A few days ago marked the final step in the establishment of UNITAID initiated patent pool, with negotiations with drug companies expected to start soon. This got me thinking about the viability of patent pools as a concept, in the endeavour to create better, cheaper (or in some cases, just create) drugs for developing country diseases. As a clarification, I do not know exactly what kind of model UNITAID's patent pool is using. I am simply raising some general questions on the topic of patent pools as they crossed my mind. I'm not attempting to answer all the questions I'll be raising, but merely will be raising them as food for thought. Readers are welcome to add in their own views in the comment section.
Firstly, to start with, why aren't patents sufficient on their own? The simplest version of this is that patents are geared towards discovering medicines which, once on the market, provide sufficient sales so as to recover the massive costs that go into the drug discovery process. Therefore, they are tied to the ability of the consumer for that drug to be able to pay large costs. Automatically therefore, diseases prevalent in developing countries don't receive sufficient attention since their people cannot afford the same high costs, especially not when compared to the large income generated if they focus on developed markets. (I've discussed a few more issues with pharma patents in the latter half of a previous post here)
Of the many alternative innovation mechanisms that have been aired, patent pools are among one of the more prevalent. It has several obvious benefits. It works within the patent system and doesn't require a massive shift to another type of innovation system. It reduces transaction costs by requiring cross-licensing to all members of the pool, and these reduced costs also increase incentives to develop such drugs. It also of course, clears blocking patents. However, there are also several questions which arise. What exactly are the incentives for companies to join these patent pools? Or more specifically, what incentives are there for companies to throw in their patents into these pools, when they could otherwise make monopoly profits off of it? Maybe they couldn't make monopoly profits off of it, but then, how much is such a patent worth? (I admit though, there could be instances of patents being valuable in themselves, yet unusable by the company due to various reasons)
Also, how is the equity of membership determined? Small and start up companies would obviously want in on patent pools, as it would give them access to much more than they could've gathered on their own. And the large behemoths, perhaps, could manage without them. Essentially, for the larger companies, its more give than take, and for the smaller companies, its more take than give. On the whole, it balances out and works in everyone's greater interest, but I don't see this convincing any management board of a large company to join a patent pool.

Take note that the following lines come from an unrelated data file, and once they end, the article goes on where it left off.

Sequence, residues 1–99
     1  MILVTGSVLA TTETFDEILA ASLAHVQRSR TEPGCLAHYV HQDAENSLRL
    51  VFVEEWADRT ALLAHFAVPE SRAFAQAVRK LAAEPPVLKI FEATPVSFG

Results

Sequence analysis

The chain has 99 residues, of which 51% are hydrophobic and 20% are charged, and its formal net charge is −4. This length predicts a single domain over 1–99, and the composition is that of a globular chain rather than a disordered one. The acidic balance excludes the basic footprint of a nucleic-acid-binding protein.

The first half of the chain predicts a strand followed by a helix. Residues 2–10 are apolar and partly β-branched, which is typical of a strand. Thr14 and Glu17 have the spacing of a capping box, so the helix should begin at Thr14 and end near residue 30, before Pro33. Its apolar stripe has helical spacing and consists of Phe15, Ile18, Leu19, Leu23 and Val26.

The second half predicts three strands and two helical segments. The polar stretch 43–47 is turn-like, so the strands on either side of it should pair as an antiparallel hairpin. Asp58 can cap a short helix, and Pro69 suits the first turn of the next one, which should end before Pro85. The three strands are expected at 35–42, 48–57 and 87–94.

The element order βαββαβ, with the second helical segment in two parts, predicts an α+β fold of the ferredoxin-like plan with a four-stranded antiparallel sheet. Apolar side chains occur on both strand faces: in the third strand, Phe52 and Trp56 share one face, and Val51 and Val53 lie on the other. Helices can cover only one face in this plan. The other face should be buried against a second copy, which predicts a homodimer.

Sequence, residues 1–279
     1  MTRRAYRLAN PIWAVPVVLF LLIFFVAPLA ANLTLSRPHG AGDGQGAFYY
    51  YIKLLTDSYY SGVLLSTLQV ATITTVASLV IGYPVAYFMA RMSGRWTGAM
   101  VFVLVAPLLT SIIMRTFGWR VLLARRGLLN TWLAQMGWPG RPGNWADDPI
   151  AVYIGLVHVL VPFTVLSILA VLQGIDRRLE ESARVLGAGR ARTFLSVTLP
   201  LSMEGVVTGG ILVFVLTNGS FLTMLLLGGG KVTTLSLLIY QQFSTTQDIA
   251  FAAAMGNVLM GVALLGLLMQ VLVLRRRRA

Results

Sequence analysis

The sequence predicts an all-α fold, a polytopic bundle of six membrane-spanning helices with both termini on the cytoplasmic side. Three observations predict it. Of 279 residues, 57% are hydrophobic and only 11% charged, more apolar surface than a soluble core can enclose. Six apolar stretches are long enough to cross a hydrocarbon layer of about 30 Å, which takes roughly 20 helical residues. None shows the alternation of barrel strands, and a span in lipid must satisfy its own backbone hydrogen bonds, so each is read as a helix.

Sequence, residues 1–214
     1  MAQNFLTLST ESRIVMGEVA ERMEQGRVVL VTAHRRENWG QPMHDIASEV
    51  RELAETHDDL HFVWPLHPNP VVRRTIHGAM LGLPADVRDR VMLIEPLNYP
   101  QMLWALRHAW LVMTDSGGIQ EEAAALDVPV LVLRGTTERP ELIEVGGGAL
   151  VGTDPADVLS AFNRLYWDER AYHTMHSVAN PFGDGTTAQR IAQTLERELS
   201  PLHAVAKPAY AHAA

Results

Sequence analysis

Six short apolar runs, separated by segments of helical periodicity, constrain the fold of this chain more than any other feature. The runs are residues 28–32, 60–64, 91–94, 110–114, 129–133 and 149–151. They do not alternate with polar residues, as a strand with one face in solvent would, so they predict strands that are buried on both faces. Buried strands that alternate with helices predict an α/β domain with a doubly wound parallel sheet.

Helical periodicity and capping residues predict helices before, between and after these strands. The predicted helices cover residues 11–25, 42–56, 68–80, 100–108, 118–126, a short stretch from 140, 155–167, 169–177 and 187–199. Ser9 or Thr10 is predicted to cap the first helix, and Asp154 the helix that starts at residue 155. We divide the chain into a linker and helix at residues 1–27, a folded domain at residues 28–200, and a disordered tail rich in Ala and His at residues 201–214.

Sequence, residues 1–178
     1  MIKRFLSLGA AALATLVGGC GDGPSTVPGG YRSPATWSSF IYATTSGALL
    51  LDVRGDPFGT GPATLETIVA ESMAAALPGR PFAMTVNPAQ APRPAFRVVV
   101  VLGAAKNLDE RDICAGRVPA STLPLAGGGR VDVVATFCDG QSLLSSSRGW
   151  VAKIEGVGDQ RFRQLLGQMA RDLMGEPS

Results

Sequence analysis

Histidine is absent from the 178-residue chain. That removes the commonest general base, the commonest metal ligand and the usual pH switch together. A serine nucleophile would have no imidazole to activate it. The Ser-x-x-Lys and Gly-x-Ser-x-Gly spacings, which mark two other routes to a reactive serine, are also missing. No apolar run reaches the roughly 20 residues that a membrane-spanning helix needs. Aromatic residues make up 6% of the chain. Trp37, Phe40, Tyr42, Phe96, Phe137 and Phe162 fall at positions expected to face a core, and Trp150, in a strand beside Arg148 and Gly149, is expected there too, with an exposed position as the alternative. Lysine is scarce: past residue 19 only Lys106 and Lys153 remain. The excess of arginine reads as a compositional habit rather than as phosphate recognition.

Yet, it is the larger companies that the patent pools rely on to work, since this is where most of the important patents are. Something seems amiss here.
Perhaps, membership to a patent pool would be on the condition that companies add their patent portfolio to the pool. This however, raises more questions. Would it be more optimal to make companies put in a few selected ones (where a company could then put in their least successful patents), or would it be more optimal to make companies add their whole patent portfolio? Putting in the whole portfolio seems like a condition no established company would agree to for obvious reasons, yet allowing companies to choose which patents they put in also seems self-defeating.
Or perhaps companies are just paid for particular sought after patents, which are then shared to all members of the pool? This would then raise the question of ownership of patents, since effectively it would be the patent pool buying the patent, (or a license to the patent), rather than allowing cross licensing between member companies. One word - Troll. The only thing stopping a patent aggregation body from becoming a troll, seems to be a good conscience.
Thirdly, if patent pools require companies to add patents into their patent pools, they would be indirectly encouraging patenting. If patent pools are acting as 'alternatives' to the normal patent situation (which is evidently creating innovation problems), isn't it problematic to use a method which encourages the making of more patents, possibly even leading to patent thickets?
No doubt, as much as we'd like to believe otherwise, big companies are not always evil. There are plenty of instances of big companies making considerably generous donations to 'good' causes, and perhaps, that's how the necessary patents will come into a patent pool. However, I find it hard to base a innovation model simply on goodwill. Especially when common business sense tells companies that profit is the main objective, and goodwill can be incidental.